A 35yo woman presents with visual problems. CT brain reveals pituitary tumor. What is the single most likely defect?

A 35yo woman presents with visual problems. CT brain reveals pituitary tumor. What is the single most likely defect?

a. Homonymous hemianopia
b. Homonymous upper quadrantopia
c. Bitemporal hemianopia
d. Cortical blindness
e. Homonymous lower quadrantopia

Clincher(s) Visual problem,Pituitary tumor A In homonymous hemianopia - literally, a loss of vision on the same side in both eyes - the field loss is usually the result of a lesion in the optic radiation or tract on one side. The visual defect is dependent on the site of the lesion: • right-hand sided lesions lead to left temporal and right nasal field loss • left-hand sided lesions lead to right temporal and left nasal field loss

B upper homonymous quadrantanopia describes the loss of the same upper quadrant from each visual field. Upper homonymous quadrantanopias are usually caused by damage to the optic radiation as it passes throught the temporal lobes. For example a lesion in the left temporal lobe will cause a right homonymous upper quadrantanopia, that is the loss of the upper nasal quadrant from the left eye and the upper temporal quadrant from the right eye.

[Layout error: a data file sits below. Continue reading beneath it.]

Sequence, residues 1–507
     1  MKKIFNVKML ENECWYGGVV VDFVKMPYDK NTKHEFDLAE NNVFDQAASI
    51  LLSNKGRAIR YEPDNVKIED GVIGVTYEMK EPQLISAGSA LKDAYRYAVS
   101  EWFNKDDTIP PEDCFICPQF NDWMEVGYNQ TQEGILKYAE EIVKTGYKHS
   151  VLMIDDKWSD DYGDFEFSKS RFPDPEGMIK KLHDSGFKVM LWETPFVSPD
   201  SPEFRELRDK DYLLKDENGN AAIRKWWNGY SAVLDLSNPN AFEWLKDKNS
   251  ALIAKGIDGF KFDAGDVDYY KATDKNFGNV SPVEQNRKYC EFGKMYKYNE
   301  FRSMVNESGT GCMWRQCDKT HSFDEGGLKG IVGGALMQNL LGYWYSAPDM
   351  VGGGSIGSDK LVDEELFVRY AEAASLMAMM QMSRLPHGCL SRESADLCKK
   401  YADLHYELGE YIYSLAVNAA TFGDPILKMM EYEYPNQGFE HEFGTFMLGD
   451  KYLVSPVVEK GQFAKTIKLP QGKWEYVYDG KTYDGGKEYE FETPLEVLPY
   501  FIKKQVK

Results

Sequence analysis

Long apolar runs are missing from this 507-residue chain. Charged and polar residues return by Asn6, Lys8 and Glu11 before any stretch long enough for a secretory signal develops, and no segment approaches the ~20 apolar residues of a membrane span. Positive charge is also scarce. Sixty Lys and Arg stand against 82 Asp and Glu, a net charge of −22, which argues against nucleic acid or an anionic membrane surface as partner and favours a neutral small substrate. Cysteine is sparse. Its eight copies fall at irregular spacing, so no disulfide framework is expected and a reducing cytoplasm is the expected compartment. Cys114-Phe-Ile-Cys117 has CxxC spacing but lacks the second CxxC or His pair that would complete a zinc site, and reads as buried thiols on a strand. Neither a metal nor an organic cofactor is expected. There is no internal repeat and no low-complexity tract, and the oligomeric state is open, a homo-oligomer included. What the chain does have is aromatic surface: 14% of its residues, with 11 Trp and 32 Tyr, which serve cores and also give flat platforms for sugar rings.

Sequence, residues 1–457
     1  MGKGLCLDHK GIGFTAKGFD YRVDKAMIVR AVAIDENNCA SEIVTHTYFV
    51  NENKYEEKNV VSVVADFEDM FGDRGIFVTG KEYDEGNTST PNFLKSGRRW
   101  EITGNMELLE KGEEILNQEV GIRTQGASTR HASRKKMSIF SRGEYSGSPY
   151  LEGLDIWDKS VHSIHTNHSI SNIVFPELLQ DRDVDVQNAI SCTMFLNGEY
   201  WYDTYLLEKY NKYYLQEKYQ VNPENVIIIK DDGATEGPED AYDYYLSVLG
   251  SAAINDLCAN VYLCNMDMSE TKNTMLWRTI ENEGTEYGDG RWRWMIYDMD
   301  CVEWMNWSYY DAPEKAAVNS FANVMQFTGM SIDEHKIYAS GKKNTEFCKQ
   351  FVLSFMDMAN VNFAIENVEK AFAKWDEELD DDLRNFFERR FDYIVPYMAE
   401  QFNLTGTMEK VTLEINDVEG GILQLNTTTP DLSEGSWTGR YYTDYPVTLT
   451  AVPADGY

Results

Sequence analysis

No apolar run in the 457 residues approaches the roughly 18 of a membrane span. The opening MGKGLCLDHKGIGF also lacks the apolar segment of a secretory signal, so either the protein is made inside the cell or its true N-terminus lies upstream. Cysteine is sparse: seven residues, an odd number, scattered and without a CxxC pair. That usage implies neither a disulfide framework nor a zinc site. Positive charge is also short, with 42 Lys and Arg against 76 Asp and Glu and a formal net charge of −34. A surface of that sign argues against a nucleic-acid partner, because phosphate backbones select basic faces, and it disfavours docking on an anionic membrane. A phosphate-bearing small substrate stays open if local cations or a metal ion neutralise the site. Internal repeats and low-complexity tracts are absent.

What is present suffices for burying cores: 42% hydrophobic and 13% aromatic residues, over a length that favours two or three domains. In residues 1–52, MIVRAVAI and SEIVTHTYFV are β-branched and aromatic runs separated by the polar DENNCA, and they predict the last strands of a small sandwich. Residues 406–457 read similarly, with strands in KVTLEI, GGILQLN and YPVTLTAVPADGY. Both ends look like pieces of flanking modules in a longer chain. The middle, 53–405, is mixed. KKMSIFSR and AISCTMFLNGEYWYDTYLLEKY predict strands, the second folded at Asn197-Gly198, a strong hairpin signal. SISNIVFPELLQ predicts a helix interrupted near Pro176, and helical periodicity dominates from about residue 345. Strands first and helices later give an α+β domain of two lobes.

C Bilateral hemianopia is a loss of temporal field vision in both eyes. This may be caused by a lesion that affects the centre of the optic chiasm and damages fibres from the nasal halves of the retina as they decussate.
Possible causes of this condition include:
• pituitary tumour • craniopharyngioma • suprasellar meningioma

D Bilateral lesions of the primary visual cortex may cause blindness. The cortically blind patient may have no vision but: • pupillary responses are intact: o fibres terminate in the pretectal region of the midbrain and do not involve the cortex • normal fundoscopy • normal visual imagination and dreamin

E Homonymous inferior quadrantanopia is when the lower quadrant of the visual field ceases to function. Homonymy refers to the fact that the same quadrant (meaning both left or both right) is nonfunctional in each eye. For right homonymous inferior quadrantanopia, both lower right quadrants of the visual field experience loss of visual function; the cause of this visual defect is commonly located in the left hemisphere. Left homonymous inferior quadrantanopia involves visual defects in the lower left quadrant of each eye, with the cause usually being located in the right hemisphere of the brain.